Before moving further, we defined our design principles that would underpin our future activity:
Following the feature prioritisation, we conducted a design studio workshop with our clients at their offices. For the workshop, we focused on a scenario relating to safe places.
This was a really valuable session as it allowed us to bring our clients' ideas directly into the design whilst simultaneously ensuring that our clients were onboard with the direction we were moving in. This gave them more ownership on the process and allowed any unforeseen issues to be resolved at this stage, saving money and time in the long-run.
The output from the design studio was that we were able to fully realise the notion of 'safe places' and how they would work. In particular, that they would be personalised geo-fenced areas created by the user, where crossing into or out of the area would trigger automated actions.
Not only would this resolve some of the previous fears regarding privacy issues, but it would also be more beneficial and reliable for the users on the ground and the monitoring teams. Ultimately the burden placed on the user would be significantly reduced.
Identifying that we couldn't 'shoehorn' the 'safe places' feature into the existing app without it having a negative affect on the user, we chose to redesign the information architecture of the app. By refining and flattening it, we were able to reduce the burden on the user, making everything visible and easy to find. This was further enhanced through the addition of a tab bar replacing the hamburger menu and heavy use of the back button within the previous version of the app.
Once we had our basic site structure and had mapped this out — and the corresponding user and wire flows — we created a paper-prototype to rapidly test the viability of our initial designs through usability testing. We developed these into mid- and then high-fidelity designs on the basis of multiple rounds of user-feedback, refining and improving the design as we went. Track24's existing style guide was used as the basis of the final design in relation to typography and colour-scheme.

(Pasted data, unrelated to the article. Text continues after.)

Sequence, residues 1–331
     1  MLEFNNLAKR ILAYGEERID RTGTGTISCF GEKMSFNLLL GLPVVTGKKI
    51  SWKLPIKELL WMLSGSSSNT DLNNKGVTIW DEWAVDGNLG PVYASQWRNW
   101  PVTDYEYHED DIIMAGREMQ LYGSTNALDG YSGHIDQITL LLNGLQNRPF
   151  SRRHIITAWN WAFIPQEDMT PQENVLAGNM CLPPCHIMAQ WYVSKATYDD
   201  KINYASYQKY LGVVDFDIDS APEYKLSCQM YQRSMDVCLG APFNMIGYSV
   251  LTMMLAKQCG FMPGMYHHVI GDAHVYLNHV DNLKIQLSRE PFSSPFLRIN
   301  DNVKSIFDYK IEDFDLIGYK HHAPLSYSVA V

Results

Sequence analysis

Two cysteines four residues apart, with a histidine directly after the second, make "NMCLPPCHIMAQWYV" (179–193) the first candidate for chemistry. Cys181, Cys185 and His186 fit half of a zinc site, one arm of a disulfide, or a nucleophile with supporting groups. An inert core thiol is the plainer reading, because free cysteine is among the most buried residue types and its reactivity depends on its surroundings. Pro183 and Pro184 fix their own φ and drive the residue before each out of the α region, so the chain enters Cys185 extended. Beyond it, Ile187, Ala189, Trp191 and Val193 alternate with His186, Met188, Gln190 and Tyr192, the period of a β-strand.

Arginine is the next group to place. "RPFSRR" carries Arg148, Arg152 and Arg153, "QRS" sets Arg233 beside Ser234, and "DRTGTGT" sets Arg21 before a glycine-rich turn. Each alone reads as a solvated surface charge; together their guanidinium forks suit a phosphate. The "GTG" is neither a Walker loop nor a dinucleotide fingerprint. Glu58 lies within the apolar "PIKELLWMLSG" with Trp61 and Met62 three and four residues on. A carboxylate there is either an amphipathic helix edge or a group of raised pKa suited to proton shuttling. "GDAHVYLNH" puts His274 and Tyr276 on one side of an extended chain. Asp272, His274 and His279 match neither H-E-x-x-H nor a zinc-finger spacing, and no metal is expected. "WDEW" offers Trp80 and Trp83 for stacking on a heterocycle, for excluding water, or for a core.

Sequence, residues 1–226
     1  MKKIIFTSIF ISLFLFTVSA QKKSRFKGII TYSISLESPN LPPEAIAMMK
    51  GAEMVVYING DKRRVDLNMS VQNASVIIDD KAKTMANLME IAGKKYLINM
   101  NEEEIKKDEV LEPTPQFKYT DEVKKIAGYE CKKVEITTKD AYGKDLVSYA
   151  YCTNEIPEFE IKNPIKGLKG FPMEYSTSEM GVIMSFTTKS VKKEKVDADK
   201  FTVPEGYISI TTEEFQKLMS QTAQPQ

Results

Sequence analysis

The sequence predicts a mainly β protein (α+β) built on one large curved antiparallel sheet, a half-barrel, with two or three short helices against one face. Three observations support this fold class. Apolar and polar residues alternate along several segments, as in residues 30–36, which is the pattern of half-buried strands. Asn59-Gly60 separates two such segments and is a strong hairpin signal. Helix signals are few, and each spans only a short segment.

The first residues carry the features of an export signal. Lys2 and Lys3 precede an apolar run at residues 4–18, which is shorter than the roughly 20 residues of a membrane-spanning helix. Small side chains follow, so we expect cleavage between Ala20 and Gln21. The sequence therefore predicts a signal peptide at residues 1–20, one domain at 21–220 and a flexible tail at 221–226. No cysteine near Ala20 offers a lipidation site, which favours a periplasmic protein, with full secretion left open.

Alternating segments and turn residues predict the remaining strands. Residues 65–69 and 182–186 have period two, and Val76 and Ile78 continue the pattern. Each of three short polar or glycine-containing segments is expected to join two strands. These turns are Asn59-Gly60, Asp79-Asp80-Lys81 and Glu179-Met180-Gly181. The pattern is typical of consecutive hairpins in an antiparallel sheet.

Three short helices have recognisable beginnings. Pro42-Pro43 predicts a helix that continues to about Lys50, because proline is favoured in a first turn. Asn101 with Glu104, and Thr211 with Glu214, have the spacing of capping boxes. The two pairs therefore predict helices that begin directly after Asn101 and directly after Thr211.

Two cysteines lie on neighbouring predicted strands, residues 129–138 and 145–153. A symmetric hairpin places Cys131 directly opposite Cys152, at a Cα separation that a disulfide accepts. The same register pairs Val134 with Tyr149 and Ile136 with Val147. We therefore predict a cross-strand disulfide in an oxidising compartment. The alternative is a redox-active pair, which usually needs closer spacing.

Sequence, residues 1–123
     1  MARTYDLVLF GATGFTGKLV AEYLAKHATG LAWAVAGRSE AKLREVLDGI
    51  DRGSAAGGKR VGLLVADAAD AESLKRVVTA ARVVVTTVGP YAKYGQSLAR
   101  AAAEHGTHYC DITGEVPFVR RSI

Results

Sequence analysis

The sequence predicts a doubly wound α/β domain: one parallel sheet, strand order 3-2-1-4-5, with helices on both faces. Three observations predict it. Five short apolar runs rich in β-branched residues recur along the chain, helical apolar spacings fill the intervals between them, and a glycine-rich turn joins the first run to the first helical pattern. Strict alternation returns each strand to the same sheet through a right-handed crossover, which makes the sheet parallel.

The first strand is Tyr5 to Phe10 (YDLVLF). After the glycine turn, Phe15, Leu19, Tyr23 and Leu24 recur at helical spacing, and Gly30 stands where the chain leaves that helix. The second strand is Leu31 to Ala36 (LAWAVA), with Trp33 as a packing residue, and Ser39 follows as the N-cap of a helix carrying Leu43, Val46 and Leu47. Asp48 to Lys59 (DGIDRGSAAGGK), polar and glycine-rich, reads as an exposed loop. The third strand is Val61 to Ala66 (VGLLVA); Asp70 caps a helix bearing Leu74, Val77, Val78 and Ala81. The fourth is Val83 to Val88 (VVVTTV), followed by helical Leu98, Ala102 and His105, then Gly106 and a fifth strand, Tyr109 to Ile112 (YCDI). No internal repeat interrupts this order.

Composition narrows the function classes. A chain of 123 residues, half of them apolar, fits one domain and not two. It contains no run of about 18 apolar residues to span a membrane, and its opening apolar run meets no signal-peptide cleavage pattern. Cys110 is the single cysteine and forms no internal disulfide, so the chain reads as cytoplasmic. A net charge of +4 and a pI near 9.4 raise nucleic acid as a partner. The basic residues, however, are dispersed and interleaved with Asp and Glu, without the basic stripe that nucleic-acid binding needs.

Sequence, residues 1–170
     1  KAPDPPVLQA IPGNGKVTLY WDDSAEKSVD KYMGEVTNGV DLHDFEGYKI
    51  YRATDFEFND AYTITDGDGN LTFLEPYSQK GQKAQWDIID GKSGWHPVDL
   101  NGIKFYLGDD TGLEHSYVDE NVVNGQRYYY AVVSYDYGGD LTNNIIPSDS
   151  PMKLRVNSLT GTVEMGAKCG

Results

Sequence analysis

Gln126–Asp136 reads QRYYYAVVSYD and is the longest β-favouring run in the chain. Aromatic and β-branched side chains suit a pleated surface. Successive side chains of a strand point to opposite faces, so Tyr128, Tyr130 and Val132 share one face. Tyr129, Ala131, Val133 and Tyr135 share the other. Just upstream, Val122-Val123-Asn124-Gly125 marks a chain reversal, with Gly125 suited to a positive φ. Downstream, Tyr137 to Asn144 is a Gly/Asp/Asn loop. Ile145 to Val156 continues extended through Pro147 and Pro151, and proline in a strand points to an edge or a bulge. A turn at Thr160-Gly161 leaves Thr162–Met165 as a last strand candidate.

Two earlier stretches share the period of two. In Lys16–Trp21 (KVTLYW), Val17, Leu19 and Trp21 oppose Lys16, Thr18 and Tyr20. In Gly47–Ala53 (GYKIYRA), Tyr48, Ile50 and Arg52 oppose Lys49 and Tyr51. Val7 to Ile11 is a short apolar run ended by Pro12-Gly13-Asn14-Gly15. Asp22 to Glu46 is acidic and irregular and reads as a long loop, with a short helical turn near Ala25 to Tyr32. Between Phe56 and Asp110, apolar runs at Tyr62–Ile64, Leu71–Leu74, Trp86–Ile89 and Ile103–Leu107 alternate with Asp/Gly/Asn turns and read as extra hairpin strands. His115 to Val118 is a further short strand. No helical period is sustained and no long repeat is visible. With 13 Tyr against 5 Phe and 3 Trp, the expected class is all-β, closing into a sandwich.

In the images below, you can see some of these iterations and how the design changed from the initial paper-prototypes to the final high-fidelity mockup.
On the status page — this is the primary screen that the user interacts with — the changes included:
On the newly added safe places page, changes included:
Within the new 'inbox' page, changes included:
The design process described above resulted in a high-fidelity prototype of the app made using Sketch and animated in Flinto. Some of the key flows of the app are shown in the GIFs below.
This shows the manual check-in flow within the My Status screen.
This shows the flow for activating an emergency.
This shows the flow for adding a safe place.
This shows the Inbox including the differences between the different types of messages.
This final GIF shows the revamped settings page where the real challenge we had was reducing the copy to the minimum amount whilst users still understanding the functionality and impact of a particular setting.
The re-designed Smart24 app was received very positively by the Track24 team.
"Thank you for the creative, original and implementable proposals you presented to us."
"In addition to conducting effective and original user research on a new concept called Safe Places, they also presented a critique of the information architecture of our mobile app Smart24, presenting some workable and idiomatic design improvements, and showing how the new feature could live along side and enhance the existing features.
Another highlight was the fact they explored, for the first time in our app, the use of animation to give better explanations and sense of continuity during user flows, using the tool Flinto, which was used to present the high-fidelity prototypes." Sam — Track24
Moving forward, recommendations for the future of the Smart24 app include: